Lipoproteins are the particles that transport cholesterol and triglycerides in the blood stream.
Lipoproteins are composed of proteins (apolipoproteins), phospholipids, triglycerides and cholesterol.
The lipoproteins vary in the major lipoprotein present and the relative contents of the different lipid components.
Lp(a) is a lipoprotein rich in cholesterol. It differs from LDL as it contains an additional protein, apolipoprotein (a). Similar to LDL, a Lp(a) particle also contains one molecule of apolipoprotein B.
It as assumed that Lp(a) is produced by liver cells. However, the pathways for the clearance of this substance are not clearly understood.
Plasma levels of Lp(a) rise shortly after birth and the levels appear to become consistent within a few months.
In adults, plasma levels of Lp(a) vary widely, ranging from 0.2 – 250 mg/dL. The levels are similar in men and women.
Studies indicate that about one in five individuals have plasma levels above 50 mg/dL (80th percentile), and about one in four have plasma levels above 32 mg/dL (75th percentile). Lp(a) levels less than 30 mg/dL are considered normal.
Here’s how Lp(a) lelevls are looked at in terms of risk:
Desirable: < 14 mg/dL (< 35 nmol/l)
Borderline risk: 14 – 30 mg/dL (35 – 75 nmol/l)
High risk: 31 – 50 mg/dL (75 – 125 nmol/l)
Very high risk: > 50 mg/dL (> 125 nmol/l)
About 20% or one in five people have high levels of Lp(a) greater than 50mg/dL from birth based on genetic factors they inherited from their parents, and most don’t know they have it. As high levels of Lp(a) travel through the bloodstream, it collects in the arteries, leading to gradual narrowing of the artery that can limit blood supply to the heart, brain, and kidneys as well as the legs. It can increase the risk of blood clots, heart attack or stroke.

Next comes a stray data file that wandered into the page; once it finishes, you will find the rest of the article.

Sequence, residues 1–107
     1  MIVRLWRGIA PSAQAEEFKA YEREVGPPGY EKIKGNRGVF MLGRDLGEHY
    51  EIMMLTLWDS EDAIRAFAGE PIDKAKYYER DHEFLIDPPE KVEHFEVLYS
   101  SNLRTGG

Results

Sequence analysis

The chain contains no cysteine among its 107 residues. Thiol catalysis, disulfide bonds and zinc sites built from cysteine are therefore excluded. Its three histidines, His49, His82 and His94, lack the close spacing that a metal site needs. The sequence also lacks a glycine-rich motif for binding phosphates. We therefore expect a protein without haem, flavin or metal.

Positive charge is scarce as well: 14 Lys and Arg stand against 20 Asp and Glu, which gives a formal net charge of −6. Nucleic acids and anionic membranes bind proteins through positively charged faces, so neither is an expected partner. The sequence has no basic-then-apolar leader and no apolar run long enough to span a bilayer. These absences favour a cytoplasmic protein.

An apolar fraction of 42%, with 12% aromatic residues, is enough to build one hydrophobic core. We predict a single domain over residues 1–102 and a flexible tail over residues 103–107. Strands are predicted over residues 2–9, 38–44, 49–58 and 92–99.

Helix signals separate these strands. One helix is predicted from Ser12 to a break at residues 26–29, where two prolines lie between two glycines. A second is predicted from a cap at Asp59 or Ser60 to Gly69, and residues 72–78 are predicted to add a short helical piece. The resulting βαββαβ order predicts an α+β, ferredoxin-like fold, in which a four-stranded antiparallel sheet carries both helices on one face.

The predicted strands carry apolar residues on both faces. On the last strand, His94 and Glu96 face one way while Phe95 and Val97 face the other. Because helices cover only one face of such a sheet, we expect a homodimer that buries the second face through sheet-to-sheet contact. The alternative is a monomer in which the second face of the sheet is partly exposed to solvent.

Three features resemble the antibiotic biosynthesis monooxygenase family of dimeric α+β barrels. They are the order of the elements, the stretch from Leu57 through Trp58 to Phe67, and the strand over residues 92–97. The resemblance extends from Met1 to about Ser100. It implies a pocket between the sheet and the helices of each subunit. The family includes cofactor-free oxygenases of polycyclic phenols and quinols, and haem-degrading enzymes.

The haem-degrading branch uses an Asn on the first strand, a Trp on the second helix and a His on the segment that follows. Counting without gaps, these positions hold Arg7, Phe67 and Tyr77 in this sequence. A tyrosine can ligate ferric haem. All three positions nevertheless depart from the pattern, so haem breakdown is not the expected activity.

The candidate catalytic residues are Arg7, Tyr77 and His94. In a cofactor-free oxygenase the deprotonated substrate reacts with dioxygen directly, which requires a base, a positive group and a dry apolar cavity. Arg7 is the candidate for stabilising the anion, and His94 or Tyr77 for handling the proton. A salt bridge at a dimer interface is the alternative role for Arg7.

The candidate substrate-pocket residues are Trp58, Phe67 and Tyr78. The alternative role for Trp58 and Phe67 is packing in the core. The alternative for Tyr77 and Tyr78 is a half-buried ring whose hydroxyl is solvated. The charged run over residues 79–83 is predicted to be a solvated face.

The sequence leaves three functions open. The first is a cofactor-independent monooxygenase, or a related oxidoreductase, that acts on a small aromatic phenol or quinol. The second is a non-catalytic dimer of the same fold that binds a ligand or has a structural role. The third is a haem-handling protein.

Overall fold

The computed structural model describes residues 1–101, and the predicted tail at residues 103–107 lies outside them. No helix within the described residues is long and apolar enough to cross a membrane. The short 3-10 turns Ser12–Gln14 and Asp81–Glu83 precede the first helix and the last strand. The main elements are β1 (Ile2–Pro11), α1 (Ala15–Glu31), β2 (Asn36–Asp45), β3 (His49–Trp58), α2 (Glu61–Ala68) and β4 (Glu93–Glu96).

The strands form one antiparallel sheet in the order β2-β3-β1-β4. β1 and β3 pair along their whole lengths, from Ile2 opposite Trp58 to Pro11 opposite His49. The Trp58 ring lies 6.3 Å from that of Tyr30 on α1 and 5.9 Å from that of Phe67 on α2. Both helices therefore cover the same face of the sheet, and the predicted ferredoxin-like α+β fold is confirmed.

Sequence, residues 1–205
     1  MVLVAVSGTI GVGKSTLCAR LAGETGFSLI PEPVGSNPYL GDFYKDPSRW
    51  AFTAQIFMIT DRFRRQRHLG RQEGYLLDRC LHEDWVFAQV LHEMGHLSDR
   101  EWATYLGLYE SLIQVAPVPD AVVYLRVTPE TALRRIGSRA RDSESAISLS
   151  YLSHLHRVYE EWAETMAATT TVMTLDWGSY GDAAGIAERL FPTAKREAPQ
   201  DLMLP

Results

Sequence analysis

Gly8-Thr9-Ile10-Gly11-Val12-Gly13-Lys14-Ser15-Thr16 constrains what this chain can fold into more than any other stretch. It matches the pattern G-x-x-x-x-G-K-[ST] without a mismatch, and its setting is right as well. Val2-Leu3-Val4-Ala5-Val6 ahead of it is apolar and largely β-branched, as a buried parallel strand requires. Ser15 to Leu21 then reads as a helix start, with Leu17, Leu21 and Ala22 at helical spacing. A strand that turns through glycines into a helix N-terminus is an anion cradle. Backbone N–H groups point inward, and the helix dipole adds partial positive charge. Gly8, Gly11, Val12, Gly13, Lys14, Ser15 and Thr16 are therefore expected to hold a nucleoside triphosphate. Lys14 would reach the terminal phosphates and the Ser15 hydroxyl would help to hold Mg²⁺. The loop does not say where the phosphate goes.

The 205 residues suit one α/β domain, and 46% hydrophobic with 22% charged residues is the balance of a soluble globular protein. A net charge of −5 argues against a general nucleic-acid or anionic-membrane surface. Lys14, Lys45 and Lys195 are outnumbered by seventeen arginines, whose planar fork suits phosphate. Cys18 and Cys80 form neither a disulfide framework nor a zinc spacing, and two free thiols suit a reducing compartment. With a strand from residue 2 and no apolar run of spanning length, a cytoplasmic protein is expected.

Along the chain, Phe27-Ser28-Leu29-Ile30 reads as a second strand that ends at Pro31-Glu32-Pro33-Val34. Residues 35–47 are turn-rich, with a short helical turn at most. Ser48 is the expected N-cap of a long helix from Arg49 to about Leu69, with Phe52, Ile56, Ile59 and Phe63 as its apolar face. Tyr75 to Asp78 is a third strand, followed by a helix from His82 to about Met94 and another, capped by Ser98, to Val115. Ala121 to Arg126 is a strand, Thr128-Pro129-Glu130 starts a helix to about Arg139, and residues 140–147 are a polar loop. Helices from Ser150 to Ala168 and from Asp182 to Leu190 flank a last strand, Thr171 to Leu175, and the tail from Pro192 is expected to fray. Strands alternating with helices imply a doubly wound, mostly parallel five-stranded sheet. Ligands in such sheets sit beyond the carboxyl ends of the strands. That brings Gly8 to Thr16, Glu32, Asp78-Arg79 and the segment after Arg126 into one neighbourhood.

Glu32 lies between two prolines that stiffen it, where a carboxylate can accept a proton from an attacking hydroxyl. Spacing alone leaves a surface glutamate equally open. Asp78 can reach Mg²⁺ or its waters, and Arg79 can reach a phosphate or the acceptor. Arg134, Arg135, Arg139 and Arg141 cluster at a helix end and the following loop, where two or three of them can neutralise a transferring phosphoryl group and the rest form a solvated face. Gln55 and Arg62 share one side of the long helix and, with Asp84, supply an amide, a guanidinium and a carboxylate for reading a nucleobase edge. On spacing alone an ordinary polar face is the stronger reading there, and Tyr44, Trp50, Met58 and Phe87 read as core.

Family History of Premature Heart Disease/Heart Attack; Men <40 years of age, Women <50 years of age. No
Family History of High Blood Pressure, Diabetes, Stroke or Kidney Disease. No
Lipoprotein(a) [Lp(a)] >30 mg/dL or 75 nmols/L Yes – 192 nmol/l (very high risk)
Age ≥ 50 males; ≥ 60 female Yes
High Blood Pressure >130/90 mm Hg No
Total Cholesterol >200 mg/dL Yes – 269 (high risk)
LDL-C (Low Density Lipoprotein Cholesterol) > 100 mg/dL Yes – 165 (high risk)
Cholesterol/HDL-C ratio > 3.5 No – 3.3 (optimum)
HDL-C (High Density Lipoprotein Cholesterol) <40 (male)/50 (female) mg/dL No-81 (optimum)
TG (Triglycerides) > 150 mg/dL No – 111 (optimum)
NON-HDL-C >130 mg/dL Yes – 188 (moderate risk)
LDL-P >1000 nmols/L Yes – 1343 (moderate risk)
Apolipoprotein B >80mg/dL Yes – 111 (moderate risk)
Fasting Blood Glucose >100 mg/dL No (guessing)
Smoking (including secondhand) No
BMI (Body Mass Index) >28 Kg/m2 No
Waist Circumference >35″ Women; 40″ Men No
Less than 30 Minutes Physical Activity Daily No
This guy. The one who just backpacked 10 miles into the Grand Canyon with his daughter to make some memories.
The guy who carried a 50 pound pack on his back and didn’t have a heart attack. But he seems to be at risk.
Better to know than not I guess. Stay tuned.
I am going to get more information to understand my risk better. Specifically,
Mark aka The Old Spartan and Over-50 Fitness Savior is a 63 year old coffee guzzling father of five wandering the outdoors around Albuquerque, New Mexico. Mark helps Active Boomers get lean, healthy and strong so they can be great role models and they live rewarding lives using his signature Spartan Method system.
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